As it turned out that great Chelsea side began to break up and they were never allowed the opportunity to grace the European stage. Both Aberdeen and Chelsea had to content themselves with a ‘Championship of Britain’ clash at Pittodrie in September 1955. It was on the traditional Aberdeen holiday and the game attracted a lot of interest as the best sides on both sides of the border locked horns. It was Aberdeen that emerged victorious in a fantastic 4-3 win as the Dons own Paddy Buckley outshone the talented Bentley with a hat trick.

On reflection it was small comfort to both sides who really should have been battling it out on foreign fields for the first time in serious competition. The irony of both league wins was repeated some years later. In 1967 both Aberdeen and Chelsea were runners up in the respective FA Cup finals, the Dons losing to Celtic while Chelsea went down to Tottenham. Three years later both Aberdeen and Chelsea won the Scottish and FA Cups. The Dons defeated Celtic 3-1 while Chelsea saw off Leeds after a replay at Old Trafford. Even away back in 1905 it was Chelsea that were admitted into the English league for the first time as Aberdeen were admitted to the First division in Scotland at the same time. The irony is complete as neither Aberdeen nor Chelsea managed to win a major honour before the Second World War.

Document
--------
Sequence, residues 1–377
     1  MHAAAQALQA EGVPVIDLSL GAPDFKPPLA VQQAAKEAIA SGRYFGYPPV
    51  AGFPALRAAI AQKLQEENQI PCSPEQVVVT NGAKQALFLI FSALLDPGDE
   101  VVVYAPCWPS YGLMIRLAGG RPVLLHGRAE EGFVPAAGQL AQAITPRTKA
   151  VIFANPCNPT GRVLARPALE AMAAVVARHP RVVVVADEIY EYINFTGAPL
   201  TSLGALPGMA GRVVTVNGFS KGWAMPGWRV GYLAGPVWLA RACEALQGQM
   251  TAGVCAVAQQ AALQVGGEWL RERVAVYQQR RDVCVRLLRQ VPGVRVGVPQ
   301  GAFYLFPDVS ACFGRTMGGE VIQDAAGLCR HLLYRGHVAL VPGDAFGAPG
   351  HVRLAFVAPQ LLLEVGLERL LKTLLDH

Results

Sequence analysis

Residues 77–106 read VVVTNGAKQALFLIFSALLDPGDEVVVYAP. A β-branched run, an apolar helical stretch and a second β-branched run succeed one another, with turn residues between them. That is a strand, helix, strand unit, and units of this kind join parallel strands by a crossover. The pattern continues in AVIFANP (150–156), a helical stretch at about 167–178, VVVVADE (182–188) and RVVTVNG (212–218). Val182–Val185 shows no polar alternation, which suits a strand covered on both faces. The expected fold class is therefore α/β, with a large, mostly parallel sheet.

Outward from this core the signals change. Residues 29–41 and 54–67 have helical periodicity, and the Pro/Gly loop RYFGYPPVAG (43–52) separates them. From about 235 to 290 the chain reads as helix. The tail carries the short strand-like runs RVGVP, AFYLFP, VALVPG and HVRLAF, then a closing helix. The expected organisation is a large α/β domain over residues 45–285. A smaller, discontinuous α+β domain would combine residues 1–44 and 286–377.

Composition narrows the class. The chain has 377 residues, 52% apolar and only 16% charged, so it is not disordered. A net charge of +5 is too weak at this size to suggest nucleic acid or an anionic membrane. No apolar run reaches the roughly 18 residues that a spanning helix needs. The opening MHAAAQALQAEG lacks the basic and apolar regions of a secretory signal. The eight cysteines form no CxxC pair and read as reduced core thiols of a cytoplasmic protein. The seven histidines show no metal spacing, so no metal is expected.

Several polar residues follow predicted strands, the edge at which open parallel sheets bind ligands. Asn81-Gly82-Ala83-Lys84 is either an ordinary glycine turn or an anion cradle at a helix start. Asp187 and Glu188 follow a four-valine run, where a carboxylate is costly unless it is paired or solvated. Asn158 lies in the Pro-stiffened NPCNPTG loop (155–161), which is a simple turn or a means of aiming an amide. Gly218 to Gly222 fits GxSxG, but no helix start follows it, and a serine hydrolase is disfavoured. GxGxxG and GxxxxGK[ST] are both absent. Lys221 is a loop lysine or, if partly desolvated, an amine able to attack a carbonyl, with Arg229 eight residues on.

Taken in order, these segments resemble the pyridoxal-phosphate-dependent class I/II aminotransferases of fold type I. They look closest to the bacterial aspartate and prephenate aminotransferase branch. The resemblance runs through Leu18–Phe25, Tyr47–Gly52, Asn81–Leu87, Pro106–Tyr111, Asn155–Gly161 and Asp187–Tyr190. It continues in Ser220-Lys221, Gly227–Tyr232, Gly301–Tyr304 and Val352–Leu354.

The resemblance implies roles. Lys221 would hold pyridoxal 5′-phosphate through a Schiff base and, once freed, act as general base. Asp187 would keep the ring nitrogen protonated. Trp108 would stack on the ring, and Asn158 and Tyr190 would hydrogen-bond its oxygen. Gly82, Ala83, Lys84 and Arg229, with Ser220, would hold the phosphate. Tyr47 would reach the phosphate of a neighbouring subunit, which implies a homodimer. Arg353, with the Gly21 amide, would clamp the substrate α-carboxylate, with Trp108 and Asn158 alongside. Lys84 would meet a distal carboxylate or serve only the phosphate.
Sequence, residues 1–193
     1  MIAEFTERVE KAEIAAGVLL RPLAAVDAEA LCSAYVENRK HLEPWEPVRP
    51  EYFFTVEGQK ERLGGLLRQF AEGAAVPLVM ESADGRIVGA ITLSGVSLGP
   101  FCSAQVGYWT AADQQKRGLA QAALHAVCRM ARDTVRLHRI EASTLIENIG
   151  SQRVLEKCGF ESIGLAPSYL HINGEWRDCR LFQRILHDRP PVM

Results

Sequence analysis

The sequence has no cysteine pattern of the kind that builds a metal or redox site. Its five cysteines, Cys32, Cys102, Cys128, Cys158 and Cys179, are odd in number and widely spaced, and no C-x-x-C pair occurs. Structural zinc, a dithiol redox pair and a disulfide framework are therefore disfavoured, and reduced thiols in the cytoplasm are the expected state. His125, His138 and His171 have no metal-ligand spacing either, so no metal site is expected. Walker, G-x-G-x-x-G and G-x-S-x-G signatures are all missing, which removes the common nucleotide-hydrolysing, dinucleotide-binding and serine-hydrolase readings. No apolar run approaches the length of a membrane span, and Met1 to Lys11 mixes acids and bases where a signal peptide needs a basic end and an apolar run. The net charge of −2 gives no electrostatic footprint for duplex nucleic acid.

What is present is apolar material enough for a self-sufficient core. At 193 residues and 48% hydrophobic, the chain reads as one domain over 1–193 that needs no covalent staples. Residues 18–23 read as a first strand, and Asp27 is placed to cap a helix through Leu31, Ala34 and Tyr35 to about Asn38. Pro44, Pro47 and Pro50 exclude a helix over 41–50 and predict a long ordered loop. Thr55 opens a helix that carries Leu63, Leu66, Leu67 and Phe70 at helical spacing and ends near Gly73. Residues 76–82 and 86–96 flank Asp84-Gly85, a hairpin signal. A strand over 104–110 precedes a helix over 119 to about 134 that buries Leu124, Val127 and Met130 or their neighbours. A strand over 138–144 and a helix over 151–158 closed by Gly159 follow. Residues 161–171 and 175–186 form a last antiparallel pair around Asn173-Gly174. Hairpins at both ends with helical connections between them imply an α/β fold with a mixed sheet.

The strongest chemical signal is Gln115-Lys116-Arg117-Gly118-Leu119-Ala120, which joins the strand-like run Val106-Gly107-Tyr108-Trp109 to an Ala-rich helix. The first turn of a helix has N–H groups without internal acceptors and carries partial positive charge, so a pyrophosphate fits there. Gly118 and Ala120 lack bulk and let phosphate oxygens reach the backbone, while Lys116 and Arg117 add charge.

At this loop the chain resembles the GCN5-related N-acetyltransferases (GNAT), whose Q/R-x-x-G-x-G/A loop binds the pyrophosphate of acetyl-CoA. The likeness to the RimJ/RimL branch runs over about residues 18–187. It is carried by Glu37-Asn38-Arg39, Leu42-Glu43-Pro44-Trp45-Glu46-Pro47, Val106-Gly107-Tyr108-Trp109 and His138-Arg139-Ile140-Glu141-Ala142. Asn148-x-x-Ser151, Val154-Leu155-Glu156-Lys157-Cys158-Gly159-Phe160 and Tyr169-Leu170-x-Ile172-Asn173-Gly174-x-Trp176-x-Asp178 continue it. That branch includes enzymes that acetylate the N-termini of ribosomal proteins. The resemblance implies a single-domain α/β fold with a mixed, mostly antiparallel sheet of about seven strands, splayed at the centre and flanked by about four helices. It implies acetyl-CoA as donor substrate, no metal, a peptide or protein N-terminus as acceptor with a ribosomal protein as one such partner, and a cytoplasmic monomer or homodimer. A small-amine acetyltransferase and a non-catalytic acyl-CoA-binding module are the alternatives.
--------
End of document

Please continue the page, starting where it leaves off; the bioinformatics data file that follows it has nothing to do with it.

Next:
FACT FILE

Manager; Dave Halliday
Captain; Jimmy Mitchell
League Position; Champions
Honours; Scottish League Division ‘A’ Winners
Top Scorer; Paddy Buckley (28)
Most appearances; Jackie hater, Archie Glen (42)